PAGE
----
At Statuspage, we believe it’s never too early for a team to start thinking about an incident communications plan. When your first big incident happens is way too late. Unplanned downtime can cause customer churn and unmanageable inbound support volume. Just one hour of unplanned downtime can cost organizations more than $100,000—and often much more—according to the latest annual downtime survey from Information Technology Intelligence Consulting Research.
Some downtime is inevitable, even massive organizations experience outages from time to time. The good news is the harm from downtime can be mitigated by deploying reassuring context and information in a timely fashion. You may hope to never need an incident communications plan but, as any good Site Reliability Engineer (SRE) will tell you, hope is not a strategy.
Mapping out your team’s first incident communications strategy doesn’t have to be overly complex or resource-draining. In fact, you can accomplish it fairly quickly using these four steps:
Sometimes it’s hard to know what exactly to label as an “incident.” Here’s a set of guidelines Google SREs use, where if any one of the following is true the event is considered an incident:
Feel free to adopt these exact guidelines, adjust them, or write your own. “If any one of the following is true” is a good format. (Another helpful resource for mapping incident severity is this Severity Definitions guide from VMware.)
A note on playing it safe: in our experience it’s better to overcommunicate in situations where you’re uncertain. The inconvenience of closing the loop on an expected incident that never took off far outweighs the downside of playing catch up on incident comms hours into an incident.
“I’ll just fix this quickly before anyone notices,” is a slippery slope. You might gamble and win the first time you try that, but play the game enough and eventually you’ll lose.
Define key roles and expectations for incident responders. Clear labels and expectations can prevent a lot of damage in the heat of an incident. While large teams and complex SRE organizations have a web of roles and responsibilities, we see two roles as a good starting point.
The incident commander is in charge of the incident response, making sure everyone is working toward resolution and following through on their tasks. They also are in charge of setting up any communications and documentation channels for the incident. That could be chat rooms, shared pages for documenting the incident, and even physical spaces in the office. This person also drives the post-incident review.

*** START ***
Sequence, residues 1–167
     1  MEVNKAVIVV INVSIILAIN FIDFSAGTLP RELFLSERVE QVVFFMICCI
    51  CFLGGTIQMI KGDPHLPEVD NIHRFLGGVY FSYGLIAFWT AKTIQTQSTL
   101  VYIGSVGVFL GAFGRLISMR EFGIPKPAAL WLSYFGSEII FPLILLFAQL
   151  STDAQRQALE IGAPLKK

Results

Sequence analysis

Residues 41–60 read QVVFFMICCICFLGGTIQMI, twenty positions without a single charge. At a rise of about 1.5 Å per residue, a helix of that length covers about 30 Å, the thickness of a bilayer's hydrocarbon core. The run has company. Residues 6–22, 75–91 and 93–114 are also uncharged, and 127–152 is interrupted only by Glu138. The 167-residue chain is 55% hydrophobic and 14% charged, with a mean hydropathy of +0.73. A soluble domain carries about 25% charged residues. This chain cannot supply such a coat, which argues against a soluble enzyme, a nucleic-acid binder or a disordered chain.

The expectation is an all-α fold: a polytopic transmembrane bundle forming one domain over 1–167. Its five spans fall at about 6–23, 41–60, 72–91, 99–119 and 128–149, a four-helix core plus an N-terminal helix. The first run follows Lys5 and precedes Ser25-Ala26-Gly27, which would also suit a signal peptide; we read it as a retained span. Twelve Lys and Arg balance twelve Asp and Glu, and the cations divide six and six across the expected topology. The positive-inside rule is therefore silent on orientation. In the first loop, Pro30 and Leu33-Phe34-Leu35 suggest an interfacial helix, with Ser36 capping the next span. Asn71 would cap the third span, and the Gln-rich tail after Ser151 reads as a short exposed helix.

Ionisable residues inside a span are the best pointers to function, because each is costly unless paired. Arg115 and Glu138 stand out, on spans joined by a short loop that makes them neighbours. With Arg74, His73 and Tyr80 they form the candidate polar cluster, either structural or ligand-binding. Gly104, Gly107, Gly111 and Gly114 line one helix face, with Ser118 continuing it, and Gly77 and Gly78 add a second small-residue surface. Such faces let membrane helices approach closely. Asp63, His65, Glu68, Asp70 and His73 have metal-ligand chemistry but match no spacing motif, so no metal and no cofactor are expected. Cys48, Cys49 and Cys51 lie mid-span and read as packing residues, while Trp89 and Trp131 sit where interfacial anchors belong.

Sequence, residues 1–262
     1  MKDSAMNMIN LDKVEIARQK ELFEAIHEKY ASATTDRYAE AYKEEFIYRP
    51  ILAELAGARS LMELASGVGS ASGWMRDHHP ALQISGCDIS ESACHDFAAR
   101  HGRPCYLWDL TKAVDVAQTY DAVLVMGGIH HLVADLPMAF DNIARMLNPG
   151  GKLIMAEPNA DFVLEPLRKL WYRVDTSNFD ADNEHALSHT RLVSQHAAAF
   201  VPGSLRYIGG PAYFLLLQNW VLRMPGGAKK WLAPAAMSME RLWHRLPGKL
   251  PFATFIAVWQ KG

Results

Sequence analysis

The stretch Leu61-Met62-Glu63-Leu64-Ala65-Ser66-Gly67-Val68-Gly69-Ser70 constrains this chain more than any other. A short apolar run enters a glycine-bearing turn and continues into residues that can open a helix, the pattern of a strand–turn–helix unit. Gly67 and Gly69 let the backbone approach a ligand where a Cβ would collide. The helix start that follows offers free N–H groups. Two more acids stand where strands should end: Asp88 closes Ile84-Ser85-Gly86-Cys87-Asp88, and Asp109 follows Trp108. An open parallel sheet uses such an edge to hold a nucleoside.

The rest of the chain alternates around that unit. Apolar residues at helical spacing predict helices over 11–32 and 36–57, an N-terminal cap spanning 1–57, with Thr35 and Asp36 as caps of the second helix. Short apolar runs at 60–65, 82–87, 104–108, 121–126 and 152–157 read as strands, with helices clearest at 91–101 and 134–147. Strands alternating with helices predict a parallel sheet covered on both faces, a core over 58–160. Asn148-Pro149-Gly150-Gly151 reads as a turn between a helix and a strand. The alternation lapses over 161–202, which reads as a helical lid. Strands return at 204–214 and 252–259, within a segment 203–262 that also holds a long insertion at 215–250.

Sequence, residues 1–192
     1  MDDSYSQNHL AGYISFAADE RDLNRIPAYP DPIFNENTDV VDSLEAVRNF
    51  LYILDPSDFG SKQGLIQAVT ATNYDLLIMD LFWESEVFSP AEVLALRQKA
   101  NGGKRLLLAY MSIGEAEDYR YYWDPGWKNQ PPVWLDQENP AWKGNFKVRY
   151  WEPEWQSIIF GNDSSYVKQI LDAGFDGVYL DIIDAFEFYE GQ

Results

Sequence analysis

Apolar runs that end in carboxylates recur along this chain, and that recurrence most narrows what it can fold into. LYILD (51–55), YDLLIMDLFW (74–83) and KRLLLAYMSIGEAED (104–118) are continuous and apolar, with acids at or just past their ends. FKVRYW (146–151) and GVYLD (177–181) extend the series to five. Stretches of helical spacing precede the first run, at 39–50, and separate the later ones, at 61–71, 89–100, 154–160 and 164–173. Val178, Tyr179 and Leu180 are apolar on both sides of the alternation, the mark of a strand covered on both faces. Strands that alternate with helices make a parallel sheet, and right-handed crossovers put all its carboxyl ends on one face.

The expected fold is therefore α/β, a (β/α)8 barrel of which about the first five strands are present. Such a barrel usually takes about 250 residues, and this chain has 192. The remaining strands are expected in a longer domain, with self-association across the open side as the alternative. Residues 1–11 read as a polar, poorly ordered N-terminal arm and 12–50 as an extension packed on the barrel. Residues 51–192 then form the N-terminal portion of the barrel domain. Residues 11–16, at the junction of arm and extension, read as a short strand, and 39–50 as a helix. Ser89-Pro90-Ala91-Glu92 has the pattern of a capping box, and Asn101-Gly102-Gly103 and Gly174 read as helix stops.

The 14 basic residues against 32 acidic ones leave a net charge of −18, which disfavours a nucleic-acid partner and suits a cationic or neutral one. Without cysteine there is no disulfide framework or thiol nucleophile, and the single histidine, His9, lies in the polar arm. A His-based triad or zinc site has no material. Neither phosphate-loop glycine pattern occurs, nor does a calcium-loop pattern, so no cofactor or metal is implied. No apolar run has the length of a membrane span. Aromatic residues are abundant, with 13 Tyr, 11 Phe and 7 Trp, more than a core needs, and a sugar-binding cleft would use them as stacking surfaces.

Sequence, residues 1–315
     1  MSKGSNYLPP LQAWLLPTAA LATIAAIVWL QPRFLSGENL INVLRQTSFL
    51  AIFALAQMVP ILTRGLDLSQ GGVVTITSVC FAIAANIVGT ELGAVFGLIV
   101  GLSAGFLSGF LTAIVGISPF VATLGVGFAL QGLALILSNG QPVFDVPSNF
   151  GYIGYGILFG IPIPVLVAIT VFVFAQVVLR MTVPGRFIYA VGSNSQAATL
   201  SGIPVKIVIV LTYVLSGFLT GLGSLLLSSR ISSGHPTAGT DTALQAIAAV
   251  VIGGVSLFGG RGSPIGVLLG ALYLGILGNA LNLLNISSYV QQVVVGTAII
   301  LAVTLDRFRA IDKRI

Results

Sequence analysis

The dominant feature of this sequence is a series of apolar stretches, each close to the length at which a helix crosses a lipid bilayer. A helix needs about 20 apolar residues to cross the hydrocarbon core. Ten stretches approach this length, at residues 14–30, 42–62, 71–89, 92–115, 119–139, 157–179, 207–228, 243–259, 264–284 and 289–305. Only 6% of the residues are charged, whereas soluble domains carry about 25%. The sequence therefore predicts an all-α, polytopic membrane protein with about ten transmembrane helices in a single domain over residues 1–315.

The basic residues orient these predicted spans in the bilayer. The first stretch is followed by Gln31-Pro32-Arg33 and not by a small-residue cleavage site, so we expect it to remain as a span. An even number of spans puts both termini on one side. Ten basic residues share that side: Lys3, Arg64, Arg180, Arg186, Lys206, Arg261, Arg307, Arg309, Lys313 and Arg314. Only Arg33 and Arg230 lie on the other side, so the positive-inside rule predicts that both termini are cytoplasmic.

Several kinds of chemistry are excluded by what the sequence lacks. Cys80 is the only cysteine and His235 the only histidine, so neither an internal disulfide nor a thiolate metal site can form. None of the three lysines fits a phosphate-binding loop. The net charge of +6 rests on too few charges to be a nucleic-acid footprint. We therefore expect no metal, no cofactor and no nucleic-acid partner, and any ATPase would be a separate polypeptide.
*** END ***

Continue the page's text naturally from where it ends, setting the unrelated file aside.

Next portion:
The communicator is in charge of translating the technical information into customer communications and getting those communications out via the right channels. They also monitor incoming customer communications and notify the incident commander if new groups of customers become impacted. After the incident, they ensure the post-mortem gets sent out.
Our recommendation: make it clear from the beginning who has what role in an incident. Even if these people have the bandwidth to help with other areas of the incident, they should respond to these primary objectives first and delegate other tasks where necessary.
With a lean team, any time saved during an incident means a lot. Figuring out the right way to wordsmith an announcement can take up precious time in the heat of an incident.
Decide on boilerplate language ahead of time and save it in a template somewhere. Use it to plug in the relevant details during an incident when you need it.
Here is one incident template we use here for our own status page:
"The site is currently experiencing a higher than normal amount of load, and may be causing pages to be slow or unresponsive. We're investigating the cause and will provide an update as soon as possible.”
This language is very simple and generic, and can be deployed as-is in a lot of cases where this is all we know. We can also amend the language to add more relevant details if we have them. For example:
“The site is currently experiencing a higher than normal amount of load due to an incident with one of our larger customers. This is causing about 50% of pages to be unresponsive. We're investigating the cause and will provide an update as soon as possible.”
You should also define your communications channels during an incident. While we obviously recommend Statuspage, there are a lot of tools you can use: Twitter, email, and company blog, as examples. Just make sure you’re clear where you will be posting messages.
Once the incident begins, we recommend these three “golden rules” which are worth keeping in mind during the incident.
It’s important to communicate as soon as there is any sign that the incident is impacting customers. Get a message posted as early as possible. It doesn’t have to be perfect. This message serves to reassure users that you’re aware of the issue and actively looking into it. This will also slow down the flood of support tickets and inbound messaging you’re sure to receive during incidents.